Steven P. Dow, HCI Institute at Carnegie Mellon University
Bjoern Hartmann, CS Division at UC Berkeley
Anand Kulkarni, Industrial Engineering and Operations Research at UC Berkeley
Scott R. Klemmer, Department of CS at Stanford University
One of the biggest challenges of micro-task crowdsourcing is quality control. Many recent algorithmic approaches address this problem by identifying and filtering out low-quality work (and workers), We decided to take a human-centered approach: teach workers how to do better work.
Apprenticeship, critique and other training methods are common in traditional organizations, but few of today’s crowdsourcing platforms offer such opportunities. My research with Bjoern Hartmann, Anand Kulkarni and Scott Klemmer for CSCW 2012 examines how offering concrete feedback affects crowd workers.
We ran a controlled experiment in which workers from Mechanical Turk wrote multiple reviews for products they own (such as their smart phone). We had three experimental conditions. Workers in the “No Assessment” condition received no feedback (in line with current practices on Mechanical Turk). Workers in the “External Assessment” condition received feedback on each review they wrote. To offer this feedback, we built Shepherd, a system that notifies experts via a visual dashboard and routes the expert’s assessments back to the workers. Workers in the “Self-Assessment” condition rated their own work using the same feedback form. We added this third condition to see if crowd work improved without the significant overheard of employing additional experts.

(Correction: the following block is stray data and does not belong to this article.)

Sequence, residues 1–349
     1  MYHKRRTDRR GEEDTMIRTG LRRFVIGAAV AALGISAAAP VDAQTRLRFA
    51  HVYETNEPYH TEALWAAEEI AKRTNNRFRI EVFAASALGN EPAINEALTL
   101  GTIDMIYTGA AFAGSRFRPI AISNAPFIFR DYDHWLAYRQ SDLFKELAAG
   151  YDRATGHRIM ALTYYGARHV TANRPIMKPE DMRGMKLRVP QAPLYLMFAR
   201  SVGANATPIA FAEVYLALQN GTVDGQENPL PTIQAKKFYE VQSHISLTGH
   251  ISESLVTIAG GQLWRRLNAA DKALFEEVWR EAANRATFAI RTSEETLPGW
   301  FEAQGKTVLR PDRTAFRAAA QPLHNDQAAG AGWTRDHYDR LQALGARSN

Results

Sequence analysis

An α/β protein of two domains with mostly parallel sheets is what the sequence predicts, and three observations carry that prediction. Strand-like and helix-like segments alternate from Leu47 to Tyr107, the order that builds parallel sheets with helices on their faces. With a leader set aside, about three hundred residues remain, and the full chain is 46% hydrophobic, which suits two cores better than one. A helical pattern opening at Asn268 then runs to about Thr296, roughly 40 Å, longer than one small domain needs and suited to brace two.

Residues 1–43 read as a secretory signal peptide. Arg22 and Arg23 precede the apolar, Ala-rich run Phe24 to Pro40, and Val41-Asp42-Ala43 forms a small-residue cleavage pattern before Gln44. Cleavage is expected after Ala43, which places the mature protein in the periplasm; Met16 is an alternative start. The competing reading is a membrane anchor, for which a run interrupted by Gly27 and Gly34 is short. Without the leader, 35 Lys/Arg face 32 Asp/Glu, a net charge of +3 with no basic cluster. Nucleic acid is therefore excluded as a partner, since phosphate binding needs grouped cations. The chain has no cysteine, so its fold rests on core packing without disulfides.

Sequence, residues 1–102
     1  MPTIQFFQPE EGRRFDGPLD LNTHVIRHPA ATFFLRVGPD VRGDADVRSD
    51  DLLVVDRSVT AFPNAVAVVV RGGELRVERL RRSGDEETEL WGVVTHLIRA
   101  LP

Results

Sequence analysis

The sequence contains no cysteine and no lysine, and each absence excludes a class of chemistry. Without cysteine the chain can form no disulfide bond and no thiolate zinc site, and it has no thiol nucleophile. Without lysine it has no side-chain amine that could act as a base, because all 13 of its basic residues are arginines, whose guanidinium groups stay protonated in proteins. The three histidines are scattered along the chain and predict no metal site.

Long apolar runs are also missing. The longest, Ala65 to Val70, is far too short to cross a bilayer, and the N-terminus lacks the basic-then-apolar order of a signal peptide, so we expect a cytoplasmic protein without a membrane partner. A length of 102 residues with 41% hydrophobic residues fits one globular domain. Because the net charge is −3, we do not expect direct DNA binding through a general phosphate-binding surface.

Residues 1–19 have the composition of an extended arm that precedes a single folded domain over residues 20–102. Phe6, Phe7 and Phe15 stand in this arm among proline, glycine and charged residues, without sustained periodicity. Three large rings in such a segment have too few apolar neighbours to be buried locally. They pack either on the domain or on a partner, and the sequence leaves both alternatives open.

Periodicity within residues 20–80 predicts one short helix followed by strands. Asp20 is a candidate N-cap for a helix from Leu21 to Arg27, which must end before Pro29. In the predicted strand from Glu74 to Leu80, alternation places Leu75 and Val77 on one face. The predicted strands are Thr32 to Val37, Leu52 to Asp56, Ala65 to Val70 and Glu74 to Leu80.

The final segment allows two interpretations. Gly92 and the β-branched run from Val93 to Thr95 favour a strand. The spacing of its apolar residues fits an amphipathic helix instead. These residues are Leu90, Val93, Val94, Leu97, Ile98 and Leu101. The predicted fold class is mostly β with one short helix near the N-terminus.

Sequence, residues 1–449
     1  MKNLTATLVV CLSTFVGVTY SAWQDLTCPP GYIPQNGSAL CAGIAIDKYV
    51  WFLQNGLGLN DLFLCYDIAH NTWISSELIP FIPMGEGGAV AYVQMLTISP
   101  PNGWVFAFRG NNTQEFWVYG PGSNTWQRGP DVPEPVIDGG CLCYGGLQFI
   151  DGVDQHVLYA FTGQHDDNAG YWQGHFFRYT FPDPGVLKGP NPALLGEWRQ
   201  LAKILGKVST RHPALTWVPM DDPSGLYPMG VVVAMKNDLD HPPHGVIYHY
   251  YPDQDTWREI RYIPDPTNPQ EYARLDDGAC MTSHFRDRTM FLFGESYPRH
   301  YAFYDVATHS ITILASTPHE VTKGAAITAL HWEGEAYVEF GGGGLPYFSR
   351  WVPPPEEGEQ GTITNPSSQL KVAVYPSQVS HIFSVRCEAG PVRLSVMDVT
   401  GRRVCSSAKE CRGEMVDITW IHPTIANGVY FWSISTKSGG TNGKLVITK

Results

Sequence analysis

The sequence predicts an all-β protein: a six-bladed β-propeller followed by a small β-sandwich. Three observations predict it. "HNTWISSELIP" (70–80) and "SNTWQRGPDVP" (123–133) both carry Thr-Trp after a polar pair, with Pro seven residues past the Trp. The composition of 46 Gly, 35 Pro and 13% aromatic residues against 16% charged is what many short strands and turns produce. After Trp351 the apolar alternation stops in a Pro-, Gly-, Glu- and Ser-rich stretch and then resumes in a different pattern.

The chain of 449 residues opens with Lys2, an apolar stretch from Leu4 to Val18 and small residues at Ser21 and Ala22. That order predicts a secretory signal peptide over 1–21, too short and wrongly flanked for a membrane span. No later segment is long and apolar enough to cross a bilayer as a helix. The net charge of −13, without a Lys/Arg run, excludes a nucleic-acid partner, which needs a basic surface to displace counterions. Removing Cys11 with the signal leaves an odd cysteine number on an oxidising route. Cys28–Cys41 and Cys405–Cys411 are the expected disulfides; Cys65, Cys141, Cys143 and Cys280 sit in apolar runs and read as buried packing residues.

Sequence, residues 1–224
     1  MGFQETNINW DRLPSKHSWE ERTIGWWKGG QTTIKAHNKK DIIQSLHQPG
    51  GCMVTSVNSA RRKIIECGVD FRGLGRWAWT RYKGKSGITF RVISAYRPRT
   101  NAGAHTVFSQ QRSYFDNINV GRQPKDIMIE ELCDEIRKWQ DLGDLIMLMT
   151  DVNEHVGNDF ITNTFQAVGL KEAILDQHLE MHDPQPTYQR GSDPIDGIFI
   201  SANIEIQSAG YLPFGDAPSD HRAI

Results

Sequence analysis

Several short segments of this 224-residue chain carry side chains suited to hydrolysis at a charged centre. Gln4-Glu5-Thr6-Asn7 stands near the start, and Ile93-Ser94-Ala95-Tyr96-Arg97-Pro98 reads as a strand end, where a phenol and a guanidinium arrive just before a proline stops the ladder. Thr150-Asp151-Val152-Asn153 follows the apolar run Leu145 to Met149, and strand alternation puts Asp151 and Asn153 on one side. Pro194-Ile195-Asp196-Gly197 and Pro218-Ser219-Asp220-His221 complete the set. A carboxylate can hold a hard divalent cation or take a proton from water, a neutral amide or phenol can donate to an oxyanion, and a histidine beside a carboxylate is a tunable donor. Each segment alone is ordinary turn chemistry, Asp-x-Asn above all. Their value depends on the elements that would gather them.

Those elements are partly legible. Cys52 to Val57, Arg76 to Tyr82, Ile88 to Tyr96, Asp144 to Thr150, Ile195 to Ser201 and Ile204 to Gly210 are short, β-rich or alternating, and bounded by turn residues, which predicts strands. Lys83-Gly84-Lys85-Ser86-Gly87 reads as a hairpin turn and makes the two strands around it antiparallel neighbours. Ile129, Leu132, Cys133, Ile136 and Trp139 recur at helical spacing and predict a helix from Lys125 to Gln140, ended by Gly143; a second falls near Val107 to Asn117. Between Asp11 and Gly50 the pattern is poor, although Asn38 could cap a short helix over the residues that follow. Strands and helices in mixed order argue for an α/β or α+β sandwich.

Our weeklong experiment on MTurk generated about 540 useful product reviews for about $200. We found that both external and self-assessment led to higher rated product reviews than getting no feedback at all. Overall ratings were similar for participants that self-rated and those who received external assessment. Both types of assessment also led to a greater increase in expert ratings over the course of several pieces of work, indicating that workers learned. Moreover, many of the workers took time to edit their prior work even though they were offered no more payment.
In summary, we found that shepherding the crowd through feedback and self-assessment leads to better overall work, improved skills, and more perseverance on tasks. Read more about the details of this work in our CSCW paper.